Let’s talk about the business cycle for a second.
Like the fact that we don't have one anymore.
In the old days, we used to get expansions and recessions. The authorities generally didn’t mess around too much with the business cycle.
If they did, they did it in a countercyclical way—hiking interest rates when the economy got hot, and taking the punchbowl away.
Nowadays, the authorities act in a procyclical way, easing monetary policy even more in the middle of a roaring expansion. This has left us without a business cycle.
- We are now constantly in a state of a perpetual boom, punctuated by the occasional sharp crisis where we all have a near-death experience.
That is a function of monetary policy, yes. But it is also a function of going off the gold standard in 1971. Most of the economic distortions that we experience today can be traced to that cataclysmic event.
One could make the argument that if we hadn’t experienced a global pandemic, then the economy would have never gone into recession. Twelve consecutive years of economic expansion, and possibly more.
That falls under the definition of perpetual boom, punctuated by the occasional crisis, which we had about a year ago.
- The perpetual boom model is perhaps the most important thing to understand about today’s markets.
That's because it has implications for the underlying distribution of asset prices. It also has implications for volatility and options trading. It even has implications for how you conduct your daily life.
Let’s talk about this.
Stocks basically go up all the time, and when they don’t, they crash. What kind of distribution is this?
It’s not a normal distribution, that’s for sure. It’s a bit skewed to the right, with a massive left tail.
Now, if I had the mathematical tools, I could graph this distribution, and then look at option prices, and graph an implied distribution based on that, and compare them.
I think what you’d find is that the tails are massively underpriced. And we know this to be true because performance of tail-risk funds has been pretty good.
From a risk-management standpoint, it puts you in a little bit of a pickle, because you’re supposed to stay fully invested—and then experience a breathtaking drawdown every so often.
- This puts people in a position where they have to hedge—and very few individual investors are sophisticated enough to hedge.
It also makes the Awesome Portfolio even more awesome—because diversification across asset classes becomes even more important. Under the perpetual boom/crisis model, a portfolio of 100% equities becomes almost impossible to hold as a long-term investor.
In a perpetual boom world, where we have frequent crises, there is a good chance that you are going to lose your job.
In a normal economic cycle, there are always layoffs. But the downturns are a bit more gentle, and businesses can often cut costs in other ways so as to minimize layoffs.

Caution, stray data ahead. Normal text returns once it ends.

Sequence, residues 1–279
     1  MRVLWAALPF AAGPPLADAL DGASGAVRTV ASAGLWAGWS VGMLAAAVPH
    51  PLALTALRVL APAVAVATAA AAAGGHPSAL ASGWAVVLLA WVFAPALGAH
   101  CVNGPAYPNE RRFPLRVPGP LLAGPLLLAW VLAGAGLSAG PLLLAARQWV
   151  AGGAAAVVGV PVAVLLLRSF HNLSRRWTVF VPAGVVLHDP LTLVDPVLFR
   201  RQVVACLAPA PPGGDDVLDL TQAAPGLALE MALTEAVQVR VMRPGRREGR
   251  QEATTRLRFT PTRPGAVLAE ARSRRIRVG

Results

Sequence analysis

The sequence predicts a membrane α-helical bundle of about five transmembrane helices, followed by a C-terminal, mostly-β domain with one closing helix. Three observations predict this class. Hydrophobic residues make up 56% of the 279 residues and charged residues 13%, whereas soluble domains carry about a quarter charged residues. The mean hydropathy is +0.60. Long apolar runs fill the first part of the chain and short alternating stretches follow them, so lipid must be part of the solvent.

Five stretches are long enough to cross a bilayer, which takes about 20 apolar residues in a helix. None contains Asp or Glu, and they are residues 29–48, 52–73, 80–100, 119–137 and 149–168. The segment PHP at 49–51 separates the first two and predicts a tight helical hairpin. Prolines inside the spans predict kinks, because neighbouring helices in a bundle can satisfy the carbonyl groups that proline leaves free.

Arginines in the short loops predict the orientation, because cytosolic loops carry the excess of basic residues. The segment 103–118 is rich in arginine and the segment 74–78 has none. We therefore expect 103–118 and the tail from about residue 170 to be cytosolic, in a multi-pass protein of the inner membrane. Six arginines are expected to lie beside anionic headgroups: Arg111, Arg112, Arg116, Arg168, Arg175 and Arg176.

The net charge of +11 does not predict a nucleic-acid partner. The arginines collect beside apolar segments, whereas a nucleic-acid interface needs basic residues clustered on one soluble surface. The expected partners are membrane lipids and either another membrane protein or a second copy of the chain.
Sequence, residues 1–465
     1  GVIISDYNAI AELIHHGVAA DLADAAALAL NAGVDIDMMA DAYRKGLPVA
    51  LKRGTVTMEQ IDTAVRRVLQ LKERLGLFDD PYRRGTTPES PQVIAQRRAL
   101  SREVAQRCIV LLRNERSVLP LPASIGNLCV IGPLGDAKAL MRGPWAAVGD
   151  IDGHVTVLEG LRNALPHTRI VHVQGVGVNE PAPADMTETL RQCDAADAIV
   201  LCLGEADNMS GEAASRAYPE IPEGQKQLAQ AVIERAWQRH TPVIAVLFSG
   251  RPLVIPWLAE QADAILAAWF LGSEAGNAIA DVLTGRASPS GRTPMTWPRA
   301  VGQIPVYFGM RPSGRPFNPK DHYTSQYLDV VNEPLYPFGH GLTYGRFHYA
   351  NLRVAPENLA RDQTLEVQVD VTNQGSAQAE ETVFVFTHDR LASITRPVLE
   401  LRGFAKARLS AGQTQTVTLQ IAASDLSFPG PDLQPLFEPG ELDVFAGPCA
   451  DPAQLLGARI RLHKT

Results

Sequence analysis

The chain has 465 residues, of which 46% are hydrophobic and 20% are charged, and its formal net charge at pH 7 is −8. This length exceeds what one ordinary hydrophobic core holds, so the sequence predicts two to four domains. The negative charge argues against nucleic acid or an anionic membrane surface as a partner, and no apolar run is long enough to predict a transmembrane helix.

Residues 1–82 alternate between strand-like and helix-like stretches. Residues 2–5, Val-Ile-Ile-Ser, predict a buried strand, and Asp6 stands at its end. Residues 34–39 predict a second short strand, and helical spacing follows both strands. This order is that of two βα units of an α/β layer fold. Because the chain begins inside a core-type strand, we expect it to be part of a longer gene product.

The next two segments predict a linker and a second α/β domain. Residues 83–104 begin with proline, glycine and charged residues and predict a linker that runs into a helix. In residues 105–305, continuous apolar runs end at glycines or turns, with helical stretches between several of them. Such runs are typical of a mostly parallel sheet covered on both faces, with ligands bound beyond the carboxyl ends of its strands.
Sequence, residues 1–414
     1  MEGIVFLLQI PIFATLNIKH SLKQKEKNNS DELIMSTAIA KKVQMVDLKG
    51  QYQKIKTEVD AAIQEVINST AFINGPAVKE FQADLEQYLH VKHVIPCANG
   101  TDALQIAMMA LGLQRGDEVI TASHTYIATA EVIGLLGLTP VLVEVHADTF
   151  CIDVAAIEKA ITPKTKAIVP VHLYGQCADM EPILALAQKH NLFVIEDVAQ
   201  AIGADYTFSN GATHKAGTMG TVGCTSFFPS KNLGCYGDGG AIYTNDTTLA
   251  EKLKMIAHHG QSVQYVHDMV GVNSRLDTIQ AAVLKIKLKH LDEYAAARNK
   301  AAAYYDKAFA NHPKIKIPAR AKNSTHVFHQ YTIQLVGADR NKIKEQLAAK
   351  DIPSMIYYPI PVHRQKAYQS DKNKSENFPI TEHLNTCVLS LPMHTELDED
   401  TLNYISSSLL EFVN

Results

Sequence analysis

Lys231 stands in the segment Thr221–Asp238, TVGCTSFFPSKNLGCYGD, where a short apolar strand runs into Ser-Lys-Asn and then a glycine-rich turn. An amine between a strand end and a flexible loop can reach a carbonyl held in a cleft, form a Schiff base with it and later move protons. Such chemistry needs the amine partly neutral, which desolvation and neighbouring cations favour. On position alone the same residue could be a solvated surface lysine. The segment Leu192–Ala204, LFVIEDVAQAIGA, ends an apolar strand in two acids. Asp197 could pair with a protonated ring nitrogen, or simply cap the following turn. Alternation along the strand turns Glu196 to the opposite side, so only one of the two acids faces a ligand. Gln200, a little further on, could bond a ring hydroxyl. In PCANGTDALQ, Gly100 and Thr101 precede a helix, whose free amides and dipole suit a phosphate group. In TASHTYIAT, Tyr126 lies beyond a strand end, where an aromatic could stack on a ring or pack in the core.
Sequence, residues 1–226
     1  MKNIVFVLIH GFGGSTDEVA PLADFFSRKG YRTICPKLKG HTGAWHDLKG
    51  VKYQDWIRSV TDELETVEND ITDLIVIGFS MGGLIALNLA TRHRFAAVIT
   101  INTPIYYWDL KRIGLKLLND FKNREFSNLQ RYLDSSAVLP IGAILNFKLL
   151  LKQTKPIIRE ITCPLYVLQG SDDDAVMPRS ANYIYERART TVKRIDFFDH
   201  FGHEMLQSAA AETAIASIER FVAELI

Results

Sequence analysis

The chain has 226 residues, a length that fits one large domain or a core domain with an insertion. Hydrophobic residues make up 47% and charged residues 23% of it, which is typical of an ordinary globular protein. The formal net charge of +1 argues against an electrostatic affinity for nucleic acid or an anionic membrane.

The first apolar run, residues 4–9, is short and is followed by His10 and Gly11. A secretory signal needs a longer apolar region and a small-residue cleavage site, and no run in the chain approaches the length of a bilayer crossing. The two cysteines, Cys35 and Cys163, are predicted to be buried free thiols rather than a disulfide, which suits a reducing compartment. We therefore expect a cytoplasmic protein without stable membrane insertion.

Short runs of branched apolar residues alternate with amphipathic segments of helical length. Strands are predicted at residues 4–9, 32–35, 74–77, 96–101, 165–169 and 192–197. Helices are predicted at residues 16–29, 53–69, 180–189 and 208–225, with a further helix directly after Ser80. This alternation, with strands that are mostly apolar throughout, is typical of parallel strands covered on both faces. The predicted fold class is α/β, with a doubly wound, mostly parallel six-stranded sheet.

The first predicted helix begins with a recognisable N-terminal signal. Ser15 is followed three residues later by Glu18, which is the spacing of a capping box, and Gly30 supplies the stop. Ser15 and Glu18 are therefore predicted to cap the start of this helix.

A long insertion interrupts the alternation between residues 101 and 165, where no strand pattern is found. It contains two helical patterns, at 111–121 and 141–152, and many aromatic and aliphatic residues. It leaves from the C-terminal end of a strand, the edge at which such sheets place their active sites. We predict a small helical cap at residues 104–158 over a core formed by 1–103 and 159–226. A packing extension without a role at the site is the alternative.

But when it looks like the world is ending, like what happened last year, businesses simply disappear, and millions of jobs are lost.
You might say that the pandemic is a bad example—it was a big, exogenous event, after all.
- In a normal economy without as much leverage in the system, that wouldn’t turn into an end-of-the-world event, where people are actually contemplating shutting down the stock market.
That’s how bad things got last year, because we went into the crisis with an insane amount of leverage. There’s even more leverage today.
The tail-risk guys tend to be libertarian macro doom guys. They often go around predicting financial collapse and a return to the gold standard. They’ve been singing this tune for 20 years or more, but we’re getting closer to that day (though it still might be years away).
I am not too much into financial philosophy, but keep in mind that a flexible monetary standard is a pretty short experiment—only about 50 years. And except for a few hiccups, we’ve managed to keep the global economy in perpetual boom mode.
- But what if we’ve merely lengthened the business cycle, not eliminated it?
What if, following a 50-year boom, we have a 50-year bust? What would that look like?
If that happens, there will obviously be bigger things to worry about, but an 80% stocks/20% bonds portfolio is not going to work in that scenario.
We have a lot of debt and money printing. More than 25% of all money in existence was printed in the last year.
Source: St. Louis Fed
When I tell people that sorry statistic, they typically look at me and ask, is that sustainable? And I just shrug. Party on.
But we’re setting ourselves up for a much, much bigger crisis down the road. The real problem with big crises is that they change politics in fundamentally malignant ways.
There’s an old article from me on ZeroHedge from five or six years ago where I said that the next recession would be the end of capitalism as we know it. That wasn’t that far off.
Can’t wait to see what the next one will bring.